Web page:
In Xinjiang, officers armed with guns practised fending off attackers wielding petrol bombs, according to a video posted on the social media platform Weibo.
Other footage reportedly showed officers in Yunnan responding to a hostage crisis, Jilin police subduing an attacker in a home, and Shanghai officers dealing with a violent dispute in what appeared to be a border checkpoint.
Wang Chuan, a researcher from the Chinese think tank the Knowfar Institute for Strategic and Defence Studies, said the locations of the exercises were “consistent with the non-traditional security threats China had faced” in recent years.
The drills in Xinjiang were likely aimed at tackling separatist forces, while those in Jilin and Yunnan could be related to instability near China’s borders.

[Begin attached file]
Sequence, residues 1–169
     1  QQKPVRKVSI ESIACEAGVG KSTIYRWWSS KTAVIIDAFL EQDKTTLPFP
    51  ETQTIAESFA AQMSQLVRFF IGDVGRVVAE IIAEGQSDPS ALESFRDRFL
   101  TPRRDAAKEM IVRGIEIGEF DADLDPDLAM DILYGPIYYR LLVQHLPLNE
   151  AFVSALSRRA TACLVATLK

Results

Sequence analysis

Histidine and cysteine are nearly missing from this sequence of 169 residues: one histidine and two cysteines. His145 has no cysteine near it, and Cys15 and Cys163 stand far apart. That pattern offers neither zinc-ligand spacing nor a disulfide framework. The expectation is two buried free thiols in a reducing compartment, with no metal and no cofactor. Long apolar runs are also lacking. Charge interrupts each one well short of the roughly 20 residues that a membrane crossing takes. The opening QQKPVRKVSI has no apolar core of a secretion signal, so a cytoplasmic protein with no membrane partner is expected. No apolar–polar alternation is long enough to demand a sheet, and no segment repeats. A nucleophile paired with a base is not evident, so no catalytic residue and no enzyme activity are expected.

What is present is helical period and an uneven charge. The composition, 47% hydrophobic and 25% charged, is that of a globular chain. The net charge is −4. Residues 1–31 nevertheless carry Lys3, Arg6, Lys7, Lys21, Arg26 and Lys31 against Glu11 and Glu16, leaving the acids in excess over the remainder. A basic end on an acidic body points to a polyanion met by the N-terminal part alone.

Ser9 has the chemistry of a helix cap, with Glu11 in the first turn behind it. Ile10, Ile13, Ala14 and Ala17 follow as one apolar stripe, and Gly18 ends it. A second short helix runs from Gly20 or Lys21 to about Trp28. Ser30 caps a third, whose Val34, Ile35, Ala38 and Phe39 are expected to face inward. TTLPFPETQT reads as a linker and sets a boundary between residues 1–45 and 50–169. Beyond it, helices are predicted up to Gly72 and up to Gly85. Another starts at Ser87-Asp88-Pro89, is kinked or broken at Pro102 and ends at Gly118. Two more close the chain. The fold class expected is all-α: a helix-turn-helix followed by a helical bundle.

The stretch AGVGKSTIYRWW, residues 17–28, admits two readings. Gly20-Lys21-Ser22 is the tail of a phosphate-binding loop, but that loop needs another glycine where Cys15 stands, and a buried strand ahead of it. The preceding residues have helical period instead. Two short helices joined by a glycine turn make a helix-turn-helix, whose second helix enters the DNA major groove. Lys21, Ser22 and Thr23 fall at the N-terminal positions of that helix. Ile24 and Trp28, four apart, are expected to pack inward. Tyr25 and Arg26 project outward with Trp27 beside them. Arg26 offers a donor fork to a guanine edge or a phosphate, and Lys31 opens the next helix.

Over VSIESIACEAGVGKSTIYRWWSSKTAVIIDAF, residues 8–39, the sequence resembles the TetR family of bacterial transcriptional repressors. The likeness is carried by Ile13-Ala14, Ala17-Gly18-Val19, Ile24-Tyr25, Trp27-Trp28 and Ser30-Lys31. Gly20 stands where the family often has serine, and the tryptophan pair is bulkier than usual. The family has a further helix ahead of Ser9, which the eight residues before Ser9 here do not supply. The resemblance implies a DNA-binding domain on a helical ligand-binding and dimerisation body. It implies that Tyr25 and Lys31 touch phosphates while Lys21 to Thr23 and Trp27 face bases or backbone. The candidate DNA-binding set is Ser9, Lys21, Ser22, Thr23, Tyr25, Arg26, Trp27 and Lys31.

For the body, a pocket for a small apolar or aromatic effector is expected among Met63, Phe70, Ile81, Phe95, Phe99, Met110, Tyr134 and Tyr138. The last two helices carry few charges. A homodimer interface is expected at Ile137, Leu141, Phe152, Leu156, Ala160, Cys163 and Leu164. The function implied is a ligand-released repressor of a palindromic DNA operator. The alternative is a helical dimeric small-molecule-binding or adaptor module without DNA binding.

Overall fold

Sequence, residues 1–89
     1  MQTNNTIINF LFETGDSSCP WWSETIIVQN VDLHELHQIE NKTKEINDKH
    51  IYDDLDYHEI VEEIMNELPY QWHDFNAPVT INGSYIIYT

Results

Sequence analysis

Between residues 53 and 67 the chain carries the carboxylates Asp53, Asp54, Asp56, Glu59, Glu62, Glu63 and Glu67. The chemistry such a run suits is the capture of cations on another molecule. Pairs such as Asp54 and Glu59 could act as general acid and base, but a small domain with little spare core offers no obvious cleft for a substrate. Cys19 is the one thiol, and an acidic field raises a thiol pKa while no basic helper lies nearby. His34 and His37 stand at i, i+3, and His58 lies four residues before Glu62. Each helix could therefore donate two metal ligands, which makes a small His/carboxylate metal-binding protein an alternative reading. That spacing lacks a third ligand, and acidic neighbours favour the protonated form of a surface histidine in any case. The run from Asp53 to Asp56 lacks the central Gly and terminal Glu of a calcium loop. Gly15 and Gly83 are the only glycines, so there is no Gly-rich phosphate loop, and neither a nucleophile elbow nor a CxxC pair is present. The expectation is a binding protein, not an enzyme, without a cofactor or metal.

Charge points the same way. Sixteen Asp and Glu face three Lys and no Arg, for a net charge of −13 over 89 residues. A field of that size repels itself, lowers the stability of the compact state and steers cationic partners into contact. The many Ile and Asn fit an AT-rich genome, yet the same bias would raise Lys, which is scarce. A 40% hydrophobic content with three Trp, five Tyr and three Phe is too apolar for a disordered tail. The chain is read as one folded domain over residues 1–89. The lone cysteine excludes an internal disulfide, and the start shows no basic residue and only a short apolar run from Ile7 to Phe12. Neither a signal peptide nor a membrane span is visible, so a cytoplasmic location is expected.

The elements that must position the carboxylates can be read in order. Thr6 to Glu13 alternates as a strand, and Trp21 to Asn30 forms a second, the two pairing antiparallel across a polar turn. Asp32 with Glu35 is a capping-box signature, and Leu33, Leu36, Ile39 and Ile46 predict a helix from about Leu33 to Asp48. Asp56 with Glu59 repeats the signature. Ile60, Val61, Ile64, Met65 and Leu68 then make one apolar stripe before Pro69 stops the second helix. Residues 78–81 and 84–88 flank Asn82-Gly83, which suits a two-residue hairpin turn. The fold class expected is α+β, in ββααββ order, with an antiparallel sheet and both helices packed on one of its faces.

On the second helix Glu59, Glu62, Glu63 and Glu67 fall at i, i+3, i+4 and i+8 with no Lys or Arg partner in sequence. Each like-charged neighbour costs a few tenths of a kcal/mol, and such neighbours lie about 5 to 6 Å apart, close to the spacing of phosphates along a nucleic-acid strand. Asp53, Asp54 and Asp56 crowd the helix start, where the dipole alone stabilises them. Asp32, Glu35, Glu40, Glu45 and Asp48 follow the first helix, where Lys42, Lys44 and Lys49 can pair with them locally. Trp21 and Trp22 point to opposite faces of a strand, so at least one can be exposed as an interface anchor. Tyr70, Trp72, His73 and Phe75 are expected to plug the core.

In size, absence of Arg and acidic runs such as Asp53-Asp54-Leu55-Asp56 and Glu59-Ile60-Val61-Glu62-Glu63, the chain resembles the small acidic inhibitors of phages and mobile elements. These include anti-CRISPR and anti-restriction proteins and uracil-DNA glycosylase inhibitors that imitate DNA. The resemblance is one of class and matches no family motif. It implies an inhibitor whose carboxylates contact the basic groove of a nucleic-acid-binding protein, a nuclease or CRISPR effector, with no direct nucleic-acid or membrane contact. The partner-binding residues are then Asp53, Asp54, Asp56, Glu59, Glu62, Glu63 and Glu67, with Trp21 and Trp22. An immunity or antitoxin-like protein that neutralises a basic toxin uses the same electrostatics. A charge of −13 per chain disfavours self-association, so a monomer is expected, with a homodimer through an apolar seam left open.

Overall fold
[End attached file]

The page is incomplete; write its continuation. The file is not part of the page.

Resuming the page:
“Such non-traditional security threats may include a possible outbreak or escalation of regional conflicts along China’s border, large-scale border crossings of illegal immigrants and refugee crises,” Wang said.
“Natural disasters could also lead to the collapse of social order and rioting.”
The drills come a year after the Ministry of Public Security issued guidelines requiring the police force hold exercises to improve their ability to maintain safety and stability.
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